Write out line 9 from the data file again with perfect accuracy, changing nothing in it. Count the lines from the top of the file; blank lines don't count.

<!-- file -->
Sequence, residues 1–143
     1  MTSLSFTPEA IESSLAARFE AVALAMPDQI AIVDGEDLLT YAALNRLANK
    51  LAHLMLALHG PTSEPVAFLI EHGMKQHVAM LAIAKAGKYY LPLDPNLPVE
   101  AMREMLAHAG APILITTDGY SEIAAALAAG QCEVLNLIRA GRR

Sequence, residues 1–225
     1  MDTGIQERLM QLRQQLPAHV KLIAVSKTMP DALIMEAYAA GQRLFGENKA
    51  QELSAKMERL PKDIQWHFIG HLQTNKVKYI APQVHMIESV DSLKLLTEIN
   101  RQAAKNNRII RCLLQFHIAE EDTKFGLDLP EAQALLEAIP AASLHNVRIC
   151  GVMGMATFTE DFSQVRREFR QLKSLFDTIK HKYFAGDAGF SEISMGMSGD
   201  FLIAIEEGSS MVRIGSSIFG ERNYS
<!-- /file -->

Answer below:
   151  GVMGMATFTE DFSQVRREFR QLKSLFDTIK HKYFAGDAGF SEISMGMSGD